And this is the crucial difference, as I see it, between Poincaré’s relation to the special theory of relativity and Einstein’s. Both of them discovered this theory—and did so independently. So far as its mathematical structure is concerned, Poincaré’s grasp of the theory was in some important respects superior to Einstein’s. But Einstein “took the theory seriously” in the sense that he looked to it for NEW INFORMATION about the physical world—that is, in Poincaré’s language, he regarded it as “fertile”: as a source of new “real generalizations”—of empirically testable consequences. And in doing so, Einstein attributed physical significance to the basic notions of the theory itself in a way that Poincaré did not.17

Pedagogy:

More:

See also:

Statistical physics

Introduction

TODO:

History

Thermodynamics

Canonical ensemble

Phase translations

See also:

Symmetry-first physics

Curie’s principle

See also:

Noether’s theorems

Gauge principle

Weyl:

It seems to me that this new principle of gauge invariance, which follows not from speculation but from experiment, compellingly indicates that the electromagnetic field is a necessary accompanying phenomenon, not of gravitation, but of the material wave field represented by \(\psi\). Since gauge invariance includes an arbitrary function \(\lambda\) it has the character of “general” relativity and can naturally only be understood in that context.34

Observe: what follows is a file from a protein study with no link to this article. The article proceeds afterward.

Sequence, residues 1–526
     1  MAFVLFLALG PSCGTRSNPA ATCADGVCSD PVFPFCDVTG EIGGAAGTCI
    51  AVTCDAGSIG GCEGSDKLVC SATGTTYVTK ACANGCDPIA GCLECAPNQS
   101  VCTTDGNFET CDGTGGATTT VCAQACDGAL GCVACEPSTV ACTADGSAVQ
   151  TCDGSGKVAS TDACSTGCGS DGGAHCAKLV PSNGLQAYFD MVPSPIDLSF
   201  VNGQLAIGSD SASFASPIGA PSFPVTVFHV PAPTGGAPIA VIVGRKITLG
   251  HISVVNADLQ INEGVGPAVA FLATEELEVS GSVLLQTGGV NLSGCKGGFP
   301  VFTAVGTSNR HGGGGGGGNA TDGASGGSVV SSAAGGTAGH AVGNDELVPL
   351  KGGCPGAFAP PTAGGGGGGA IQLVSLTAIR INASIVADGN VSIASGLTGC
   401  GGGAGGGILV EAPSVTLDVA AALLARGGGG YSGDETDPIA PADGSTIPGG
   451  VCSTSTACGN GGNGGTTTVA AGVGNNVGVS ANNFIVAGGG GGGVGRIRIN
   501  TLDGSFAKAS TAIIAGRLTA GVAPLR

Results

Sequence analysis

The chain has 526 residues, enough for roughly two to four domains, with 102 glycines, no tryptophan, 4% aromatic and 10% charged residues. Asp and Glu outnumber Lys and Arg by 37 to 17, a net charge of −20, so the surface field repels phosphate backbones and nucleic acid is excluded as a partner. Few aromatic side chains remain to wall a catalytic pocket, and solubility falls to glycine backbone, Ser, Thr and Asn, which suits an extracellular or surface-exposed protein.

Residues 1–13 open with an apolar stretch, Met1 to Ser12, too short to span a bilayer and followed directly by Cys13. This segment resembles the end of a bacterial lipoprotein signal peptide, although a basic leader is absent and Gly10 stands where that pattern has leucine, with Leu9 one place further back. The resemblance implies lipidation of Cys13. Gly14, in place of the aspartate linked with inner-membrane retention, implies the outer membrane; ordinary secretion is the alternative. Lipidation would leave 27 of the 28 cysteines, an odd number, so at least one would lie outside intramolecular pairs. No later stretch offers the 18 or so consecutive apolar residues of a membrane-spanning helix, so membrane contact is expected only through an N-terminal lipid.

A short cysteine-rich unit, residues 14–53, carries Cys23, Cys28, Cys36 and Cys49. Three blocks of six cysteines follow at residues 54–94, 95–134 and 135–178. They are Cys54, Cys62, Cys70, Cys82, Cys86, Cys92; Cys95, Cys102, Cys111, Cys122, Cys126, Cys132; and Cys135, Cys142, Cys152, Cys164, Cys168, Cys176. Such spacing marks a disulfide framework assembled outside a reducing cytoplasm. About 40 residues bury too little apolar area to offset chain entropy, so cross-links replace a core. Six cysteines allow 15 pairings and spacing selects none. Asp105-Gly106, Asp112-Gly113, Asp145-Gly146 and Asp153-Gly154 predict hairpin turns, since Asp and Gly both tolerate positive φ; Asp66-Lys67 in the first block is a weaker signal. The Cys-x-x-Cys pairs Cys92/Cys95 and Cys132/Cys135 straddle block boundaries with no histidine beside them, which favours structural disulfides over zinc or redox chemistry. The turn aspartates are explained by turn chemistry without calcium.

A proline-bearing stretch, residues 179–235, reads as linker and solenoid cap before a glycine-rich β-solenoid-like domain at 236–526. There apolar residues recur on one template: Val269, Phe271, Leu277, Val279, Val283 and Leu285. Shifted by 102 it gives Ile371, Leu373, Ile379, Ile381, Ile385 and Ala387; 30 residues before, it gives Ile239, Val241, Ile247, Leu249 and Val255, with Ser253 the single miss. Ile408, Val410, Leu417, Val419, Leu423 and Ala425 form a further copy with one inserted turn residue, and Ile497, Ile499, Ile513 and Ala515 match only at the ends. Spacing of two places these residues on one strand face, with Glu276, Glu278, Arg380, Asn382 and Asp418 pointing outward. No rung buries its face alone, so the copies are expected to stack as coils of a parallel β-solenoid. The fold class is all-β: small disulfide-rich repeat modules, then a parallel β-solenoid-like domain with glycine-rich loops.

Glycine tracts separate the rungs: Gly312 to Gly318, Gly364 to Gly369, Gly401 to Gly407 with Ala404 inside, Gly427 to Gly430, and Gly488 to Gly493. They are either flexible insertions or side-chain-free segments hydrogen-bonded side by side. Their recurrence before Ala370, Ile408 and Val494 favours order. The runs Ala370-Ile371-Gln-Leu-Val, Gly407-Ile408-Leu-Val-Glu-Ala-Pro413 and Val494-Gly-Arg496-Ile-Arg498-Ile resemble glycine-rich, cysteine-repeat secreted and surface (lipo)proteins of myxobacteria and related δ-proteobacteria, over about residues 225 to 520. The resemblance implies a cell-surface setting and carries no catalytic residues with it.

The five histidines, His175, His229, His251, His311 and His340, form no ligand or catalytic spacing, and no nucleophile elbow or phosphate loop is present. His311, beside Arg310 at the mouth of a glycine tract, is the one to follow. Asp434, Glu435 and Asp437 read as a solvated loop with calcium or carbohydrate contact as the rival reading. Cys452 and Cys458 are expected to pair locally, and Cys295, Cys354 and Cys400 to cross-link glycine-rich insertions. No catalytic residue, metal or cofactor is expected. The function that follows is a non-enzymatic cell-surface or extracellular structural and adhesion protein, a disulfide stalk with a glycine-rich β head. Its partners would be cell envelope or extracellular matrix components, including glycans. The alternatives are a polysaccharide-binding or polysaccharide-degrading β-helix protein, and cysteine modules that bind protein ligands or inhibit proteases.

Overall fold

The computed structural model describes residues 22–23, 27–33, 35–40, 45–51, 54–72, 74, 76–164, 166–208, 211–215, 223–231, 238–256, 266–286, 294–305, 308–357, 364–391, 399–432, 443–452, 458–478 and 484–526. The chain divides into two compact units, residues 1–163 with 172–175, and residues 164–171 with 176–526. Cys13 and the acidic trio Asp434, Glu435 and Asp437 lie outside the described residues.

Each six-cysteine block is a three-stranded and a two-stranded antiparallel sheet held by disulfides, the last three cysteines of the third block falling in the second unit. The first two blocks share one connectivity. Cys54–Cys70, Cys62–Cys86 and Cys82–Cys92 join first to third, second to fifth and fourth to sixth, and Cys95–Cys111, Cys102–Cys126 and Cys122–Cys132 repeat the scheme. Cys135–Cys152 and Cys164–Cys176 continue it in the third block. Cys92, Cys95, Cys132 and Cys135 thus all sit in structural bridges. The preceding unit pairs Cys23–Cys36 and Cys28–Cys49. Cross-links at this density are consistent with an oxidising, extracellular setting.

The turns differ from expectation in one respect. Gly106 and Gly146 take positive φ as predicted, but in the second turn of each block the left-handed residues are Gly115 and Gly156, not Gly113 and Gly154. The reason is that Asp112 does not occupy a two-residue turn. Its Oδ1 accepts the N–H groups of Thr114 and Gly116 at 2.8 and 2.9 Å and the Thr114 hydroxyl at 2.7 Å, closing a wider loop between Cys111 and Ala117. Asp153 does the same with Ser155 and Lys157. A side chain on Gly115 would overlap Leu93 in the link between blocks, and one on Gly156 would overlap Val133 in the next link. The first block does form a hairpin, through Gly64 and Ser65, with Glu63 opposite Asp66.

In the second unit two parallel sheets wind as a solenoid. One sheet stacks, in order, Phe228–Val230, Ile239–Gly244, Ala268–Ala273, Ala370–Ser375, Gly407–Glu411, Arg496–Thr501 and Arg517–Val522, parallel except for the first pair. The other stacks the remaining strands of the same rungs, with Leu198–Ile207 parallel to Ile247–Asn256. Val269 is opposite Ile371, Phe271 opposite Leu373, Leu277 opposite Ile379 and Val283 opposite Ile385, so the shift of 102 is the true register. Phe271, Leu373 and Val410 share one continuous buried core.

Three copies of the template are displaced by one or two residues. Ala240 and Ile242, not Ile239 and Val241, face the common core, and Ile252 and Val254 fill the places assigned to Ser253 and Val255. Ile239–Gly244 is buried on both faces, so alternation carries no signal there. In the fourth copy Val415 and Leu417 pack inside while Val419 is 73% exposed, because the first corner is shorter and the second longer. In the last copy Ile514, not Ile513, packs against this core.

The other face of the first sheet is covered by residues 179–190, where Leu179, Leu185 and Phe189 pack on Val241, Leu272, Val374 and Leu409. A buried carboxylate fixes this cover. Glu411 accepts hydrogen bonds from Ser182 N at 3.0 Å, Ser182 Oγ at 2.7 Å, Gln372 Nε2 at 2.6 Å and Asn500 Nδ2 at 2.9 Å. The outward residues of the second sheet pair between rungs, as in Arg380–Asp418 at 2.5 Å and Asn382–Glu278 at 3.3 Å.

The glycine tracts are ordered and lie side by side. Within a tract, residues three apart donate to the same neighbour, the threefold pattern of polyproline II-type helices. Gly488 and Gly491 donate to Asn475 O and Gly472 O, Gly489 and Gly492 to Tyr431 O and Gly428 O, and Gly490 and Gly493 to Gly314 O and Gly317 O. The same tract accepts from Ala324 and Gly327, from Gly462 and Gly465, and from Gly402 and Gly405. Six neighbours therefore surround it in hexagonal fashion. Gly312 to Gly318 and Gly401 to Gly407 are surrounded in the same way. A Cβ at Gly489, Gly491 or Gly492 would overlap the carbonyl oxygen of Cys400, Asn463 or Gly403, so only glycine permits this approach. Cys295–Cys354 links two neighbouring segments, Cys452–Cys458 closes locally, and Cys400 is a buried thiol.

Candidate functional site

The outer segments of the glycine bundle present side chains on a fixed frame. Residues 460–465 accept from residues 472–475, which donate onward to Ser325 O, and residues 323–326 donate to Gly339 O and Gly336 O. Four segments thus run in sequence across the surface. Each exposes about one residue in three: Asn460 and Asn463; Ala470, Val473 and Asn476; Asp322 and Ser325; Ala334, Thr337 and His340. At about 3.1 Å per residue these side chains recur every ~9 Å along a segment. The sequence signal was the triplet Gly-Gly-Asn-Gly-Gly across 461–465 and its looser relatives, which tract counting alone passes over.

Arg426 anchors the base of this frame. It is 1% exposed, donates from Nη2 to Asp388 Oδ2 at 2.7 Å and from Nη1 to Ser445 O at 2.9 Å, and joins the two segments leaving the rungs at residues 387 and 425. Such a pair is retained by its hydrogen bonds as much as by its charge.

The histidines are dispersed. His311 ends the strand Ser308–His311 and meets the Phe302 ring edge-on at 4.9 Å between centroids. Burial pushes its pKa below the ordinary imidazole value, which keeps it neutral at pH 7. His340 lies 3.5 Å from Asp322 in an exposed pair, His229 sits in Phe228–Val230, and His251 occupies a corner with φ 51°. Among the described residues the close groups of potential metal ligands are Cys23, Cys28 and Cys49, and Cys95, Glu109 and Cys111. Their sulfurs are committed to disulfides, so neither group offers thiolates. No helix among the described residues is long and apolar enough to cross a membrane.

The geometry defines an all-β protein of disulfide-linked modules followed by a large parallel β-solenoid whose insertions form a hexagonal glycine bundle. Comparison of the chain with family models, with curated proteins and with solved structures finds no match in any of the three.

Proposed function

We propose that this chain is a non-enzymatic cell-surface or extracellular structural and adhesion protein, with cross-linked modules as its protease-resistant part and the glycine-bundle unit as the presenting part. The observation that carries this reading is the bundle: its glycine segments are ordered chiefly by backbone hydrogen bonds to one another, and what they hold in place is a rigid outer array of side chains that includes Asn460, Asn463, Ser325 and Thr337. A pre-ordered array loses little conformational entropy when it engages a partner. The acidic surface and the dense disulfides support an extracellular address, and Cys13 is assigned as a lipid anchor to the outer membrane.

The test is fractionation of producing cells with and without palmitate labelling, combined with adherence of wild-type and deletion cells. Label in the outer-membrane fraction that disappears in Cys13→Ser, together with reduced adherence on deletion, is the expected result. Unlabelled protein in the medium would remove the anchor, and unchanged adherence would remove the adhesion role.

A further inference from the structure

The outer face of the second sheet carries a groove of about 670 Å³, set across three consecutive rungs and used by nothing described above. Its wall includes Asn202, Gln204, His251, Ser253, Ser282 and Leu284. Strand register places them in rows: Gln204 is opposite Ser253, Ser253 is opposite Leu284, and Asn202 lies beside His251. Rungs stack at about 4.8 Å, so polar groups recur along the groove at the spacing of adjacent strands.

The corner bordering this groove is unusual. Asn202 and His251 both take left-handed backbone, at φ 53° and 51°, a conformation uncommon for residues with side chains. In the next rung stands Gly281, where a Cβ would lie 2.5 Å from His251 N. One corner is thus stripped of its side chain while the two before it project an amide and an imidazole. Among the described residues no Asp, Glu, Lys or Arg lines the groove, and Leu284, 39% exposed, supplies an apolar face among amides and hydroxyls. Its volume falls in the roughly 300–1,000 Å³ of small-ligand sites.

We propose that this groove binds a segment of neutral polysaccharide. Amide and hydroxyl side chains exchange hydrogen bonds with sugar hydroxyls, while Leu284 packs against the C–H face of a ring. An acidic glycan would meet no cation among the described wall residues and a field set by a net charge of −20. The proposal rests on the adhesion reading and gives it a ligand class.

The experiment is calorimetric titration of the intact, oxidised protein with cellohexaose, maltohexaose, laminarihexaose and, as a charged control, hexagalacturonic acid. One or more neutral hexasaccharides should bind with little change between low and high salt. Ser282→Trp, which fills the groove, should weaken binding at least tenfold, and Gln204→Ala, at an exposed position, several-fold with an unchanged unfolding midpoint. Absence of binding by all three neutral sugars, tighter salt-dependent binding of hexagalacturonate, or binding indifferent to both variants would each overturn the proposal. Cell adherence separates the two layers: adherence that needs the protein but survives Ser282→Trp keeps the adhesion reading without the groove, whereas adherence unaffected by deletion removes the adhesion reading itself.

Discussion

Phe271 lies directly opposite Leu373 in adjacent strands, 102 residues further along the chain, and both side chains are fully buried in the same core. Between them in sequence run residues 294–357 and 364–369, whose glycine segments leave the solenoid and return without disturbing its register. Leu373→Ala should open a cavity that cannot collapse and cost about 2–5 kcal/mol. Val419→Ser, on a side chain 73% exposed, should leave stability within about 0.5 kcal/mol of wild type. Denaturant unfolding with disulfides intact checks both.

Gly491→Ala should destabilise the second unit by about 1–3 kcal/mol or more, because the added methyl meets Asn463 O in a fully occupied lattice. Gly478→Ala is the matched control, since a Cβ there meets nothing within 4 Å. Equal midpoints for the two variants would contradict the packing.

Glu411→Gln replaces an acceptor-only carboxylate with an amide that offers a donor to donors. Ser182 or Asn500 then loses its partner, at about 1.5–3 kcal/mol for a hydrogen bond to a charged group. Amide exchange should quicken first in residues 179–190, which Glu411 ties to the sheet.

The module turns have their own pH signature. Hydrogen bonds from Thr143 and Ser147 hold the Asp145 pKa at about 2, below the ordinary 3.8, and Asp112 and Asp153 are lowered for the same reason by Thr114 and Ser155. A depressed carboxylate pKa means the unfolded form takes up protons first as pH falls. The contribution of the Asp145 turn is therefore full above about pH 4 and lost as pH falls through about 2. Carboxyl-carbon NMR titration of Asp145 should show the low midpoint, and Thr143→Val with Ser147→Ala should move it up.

Wigner-Stone theorems

See also:

Quantum mechanics

Introduction

Feynman and Hibbs on wave-principle duality:

What is remarkable is that this dual use of wave and particle ideas does not lead to contradictions. This is so only if great care is taken as to what kind of statements one is permitted to make about the experimental situation.43

Feynman and Hibbs on the uncertainty principle:

Any determination of the alternative taken by a process capable of following more than one alternative destroys the interference between the alternatives.44

History

Figure 1: 1927 Solvay Conference on Quantum Mechanics (source: Wikimedia).

Hydrogen atom

Foundations of QM

\[ \hat{H} \: |n\rangle = E_{n} \: |n\rangle \]

\[ |\psi\rangle = \sum_{n} a_{n} \: |n\rangle \]

\[ P(n) = | \langle n | \psi \rangle |^{2} = |a_{n}|^{2} \]

The generators of the representation of a transformation in a Hilbert space are the operators representing the classical Noether charges that are conserved under that transformation.

\[ \hat{U}(x^{\mu}) = e^{ -i \, \hat{P}_\mu \, x^\mu } \]

Secondary properties of QM

\[ \langle x | n \rangle = \psi_{n}(x) \]

\[ i \hbar \: \partial_{t} \: |\psi\rangle = \hat{H} \: |\psi\rangle \]

\[ i \hbar \: \partial_{t} \: \hat{U}(t) \: |\psi\rangle = \hat{H} \: \hat{U}(t) \: |\psi\rangle \]

Schrödinger vs Heisenberg pictures is like Heraclitus vs Parmenides.

\[ \mathcal{H} = \mathcal{H}_\mathrm{S} \otimes \mathcal{H}_\mathrm{E} \]

\[ |\psi\rangle \otimes |\alpha\rangle \rightarrow |\psi; \alpha\rangle \otimes |\alpha\rangle \]

See Dutailly,51 for example, for a demonstration that the Schrödinger equation is derivable from Wigner’s theorem.

Decoherence

See also:

Quantum chemistry

Quantum computing

Quantum field theory

Fields

Introduction

Baez, Segal, & Zhou: